Organisms are self-healing. They (we) know how to be alive, how to stay alive. All the information about being alive we need is within us, or we wouldn’t be here in the first place. Being alive is a cooperative effort of all your cells. It is a dazzlingly well-coordinated system. The communication required for this vast balancing act is the real story of biology. As long as the cells can keep talking to each other, health can be maintained, and the great experiment of each life can be continued.

The truth of this is so overwhelming that we do not actually understand why we die. Life seems to be so good at being alive that it is not clear at all why it should ever stop. Why die at all? Why not just carry on with the experiment? Is their some evolutionary benefit to aging and death? No one knows this, and not for lack of trying.

But while we are still young, and our cells still talk and listen to each other, exchanging information in a thousand different ways, we are practically indestructible. Vast or critical tissue damage will end us, or the failures in intercellular communication that are at the heart of most pathologies. No less. We are incredibly tough, as anyone knows who has shepherded a loved one through dying.

We hang on and on, if we have a reason. For love, usually.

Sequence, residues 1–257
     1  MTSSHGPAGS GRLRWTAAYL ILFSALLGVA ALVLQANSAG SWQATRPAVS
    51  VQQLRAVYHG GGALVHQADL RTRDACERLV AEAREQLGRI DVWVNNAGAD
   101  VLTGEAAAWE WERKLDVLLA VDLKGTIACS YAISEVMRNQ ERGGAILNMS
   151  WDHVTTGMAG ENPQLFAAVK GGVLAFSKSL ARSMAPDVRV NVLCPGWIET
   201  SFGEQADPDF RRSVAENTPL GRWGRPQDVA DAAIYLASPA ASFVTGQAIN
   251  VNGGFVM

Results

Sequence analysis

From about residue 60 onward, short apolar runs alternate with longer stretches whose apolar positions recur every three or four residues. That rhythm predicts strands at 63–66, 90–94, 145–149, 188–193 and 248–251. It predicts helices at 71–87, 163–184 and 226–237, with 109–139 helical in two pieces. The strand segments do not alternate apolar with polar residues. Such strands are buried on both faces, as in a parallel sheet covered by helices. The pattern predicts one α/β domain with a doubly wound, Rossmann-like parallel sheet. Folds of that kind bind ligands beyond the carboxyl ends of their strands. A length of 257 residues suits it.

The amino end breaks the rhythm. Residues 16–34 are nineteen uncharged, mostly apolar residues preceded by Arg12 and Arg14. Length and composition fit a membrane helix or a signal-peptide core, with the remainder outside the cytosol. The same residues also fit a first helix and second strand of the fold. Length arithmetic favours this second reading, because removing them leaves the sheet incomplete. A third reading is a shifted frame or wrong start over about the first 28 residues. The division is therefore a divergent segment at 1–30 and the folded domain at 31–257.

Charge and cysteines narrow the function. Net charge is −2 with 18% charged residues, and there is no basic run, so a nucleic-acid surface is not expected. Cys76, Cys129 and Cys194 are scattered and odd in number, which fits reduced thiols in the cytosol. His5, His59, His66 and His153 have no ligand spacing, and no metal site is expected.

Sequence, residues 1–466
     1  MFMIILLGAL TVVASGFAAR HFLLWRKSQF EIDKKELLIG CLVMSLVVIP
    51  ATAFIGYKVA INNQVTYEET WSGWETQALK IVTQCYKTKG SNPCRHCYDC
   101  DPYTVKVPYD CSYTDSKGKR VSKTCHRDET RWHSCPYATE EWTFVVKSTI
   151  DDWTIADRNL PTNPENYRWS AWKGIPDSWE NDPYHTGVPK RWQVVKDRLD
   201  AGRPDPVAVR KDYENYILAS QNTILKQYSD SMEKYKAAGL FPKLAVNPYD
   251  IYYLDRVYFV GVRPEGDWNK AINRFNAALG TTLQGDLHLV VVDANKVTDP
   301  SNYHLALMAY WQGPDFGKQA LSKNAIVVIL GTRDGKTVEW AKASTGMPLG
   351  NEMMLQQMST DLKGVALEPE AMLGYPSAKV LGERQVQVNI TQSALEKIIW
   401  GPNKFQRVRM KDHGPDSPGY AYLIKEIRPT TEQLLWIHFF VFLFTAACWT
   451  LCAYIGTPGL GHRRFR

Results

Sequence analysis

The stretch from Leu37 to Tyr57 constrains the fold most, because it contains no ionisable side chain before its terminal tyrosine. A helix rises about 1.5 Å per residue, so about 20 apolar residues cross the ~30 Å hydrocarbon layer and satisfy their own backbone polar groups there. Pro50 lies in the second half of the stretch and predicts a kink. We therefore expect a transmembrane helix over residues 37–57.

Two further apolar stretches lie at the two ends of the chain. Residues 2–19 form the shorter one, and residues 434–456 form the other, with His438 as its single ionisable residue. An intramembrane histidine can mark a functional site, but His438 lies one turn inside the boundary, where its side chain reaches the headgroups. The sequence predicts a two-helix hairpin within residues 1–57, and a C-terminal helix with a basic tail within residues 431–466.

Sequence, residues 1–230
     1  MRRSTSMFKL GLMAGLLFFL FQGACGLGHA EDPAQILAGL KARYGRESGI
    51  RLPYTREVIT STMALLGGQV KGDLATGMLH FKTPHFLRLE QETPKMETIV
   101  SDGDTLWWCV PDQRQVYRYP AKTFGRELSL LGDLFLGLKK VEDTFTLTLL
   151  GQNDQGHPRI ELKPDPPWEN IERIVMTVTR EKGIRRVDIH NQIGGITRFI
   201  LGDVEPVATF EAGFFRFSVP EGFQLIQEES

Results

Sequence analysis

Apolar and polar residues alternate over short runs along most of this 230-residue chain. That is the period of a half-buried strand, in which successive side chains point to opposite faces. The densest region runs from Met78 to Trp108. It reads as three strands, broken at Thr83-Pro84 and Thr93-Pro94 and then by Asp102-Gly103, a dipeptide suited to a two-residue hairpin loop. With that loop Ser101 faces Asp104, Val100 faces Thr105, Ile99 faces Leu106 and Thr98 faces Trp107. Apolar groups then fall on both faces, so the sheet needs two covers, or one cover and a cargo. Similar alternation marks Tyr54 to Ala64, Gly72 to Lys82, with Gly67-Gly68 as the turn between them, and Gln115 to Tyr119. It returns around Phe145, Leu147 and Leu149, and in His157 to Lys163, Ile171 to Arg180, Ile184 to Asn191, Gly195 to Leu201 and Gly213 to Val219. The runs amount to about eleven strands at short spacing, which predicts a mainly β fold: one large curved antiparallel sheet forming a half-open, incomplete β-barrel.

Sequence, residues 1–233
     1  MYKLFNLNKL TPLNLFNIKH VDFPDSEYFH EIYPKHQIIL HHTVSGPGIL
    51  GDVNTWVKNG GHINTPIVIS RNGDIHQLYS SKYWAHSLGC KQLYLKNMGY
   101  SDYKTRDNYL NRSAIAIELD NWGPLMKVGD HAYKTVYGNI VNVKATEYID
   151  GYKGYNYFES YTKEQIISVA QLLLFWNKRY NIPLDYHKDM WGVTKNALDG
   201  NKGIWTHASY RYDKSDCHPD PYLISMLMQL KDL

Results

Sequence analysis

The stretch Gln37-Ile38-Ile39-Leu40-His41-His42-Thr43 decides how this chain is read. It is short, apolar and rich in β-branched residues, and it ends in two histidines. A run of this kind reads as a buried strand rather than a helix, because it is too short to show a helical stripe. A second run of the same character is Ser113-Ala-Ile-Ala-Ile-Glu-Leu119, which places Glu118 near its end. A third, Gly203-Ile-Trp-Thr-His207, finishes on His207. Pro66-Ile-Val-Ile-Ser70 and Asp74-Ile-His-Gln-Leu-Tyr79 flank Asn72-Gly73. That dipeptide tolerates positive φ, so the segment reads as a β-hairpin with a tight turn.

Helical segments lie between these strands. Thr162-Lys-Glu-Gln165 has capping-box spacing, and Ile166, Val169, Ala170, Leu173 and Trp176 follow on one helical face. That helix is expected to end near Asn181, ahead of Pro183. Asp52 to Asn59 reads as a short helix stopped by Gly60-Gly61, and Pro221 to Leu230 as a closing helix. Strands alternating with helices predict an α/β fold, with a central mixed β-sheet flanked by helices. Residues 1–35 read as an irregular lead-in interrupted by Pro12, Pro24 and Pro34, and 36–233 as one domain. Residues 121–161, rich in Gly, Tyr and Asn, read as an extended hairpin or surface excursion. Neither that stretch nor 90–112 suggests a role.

For small beings such as we, the vastness is bearable only through love.

Carl Sagan, Contact

But we are healthy when we are free, when our pattern pulses happily away, wide awake in the universe, the interaction of all our trillion parts relatively undisturbed. Sickness or frailty is not so much a malfunction as a failure of expressiveness, an uncomfortable and idiosyncratic stagnancy. Sickness of all kinds emerges inevitably from every case of emotional constipation.

There are no exclusively mental states. When you love, your whole body loves. When you are sad, your toes are sad with you. When you are pissed off, all of your liver cells are pissed off also. Hepatocytes, and every other type of cell, literally respond to every emotion you feel with characteristic changes in cellular behaviour. They do mad, sad, and glad cell things.

Nothing is “all in your head.” It’s impossible.

Along with the glamour of the energies that sweep through our tissues like aurora borealis, humble neuropeptides are an important mechanism for the union of mind and body. Biologist Candace Pert has given the world this gift of knowledge: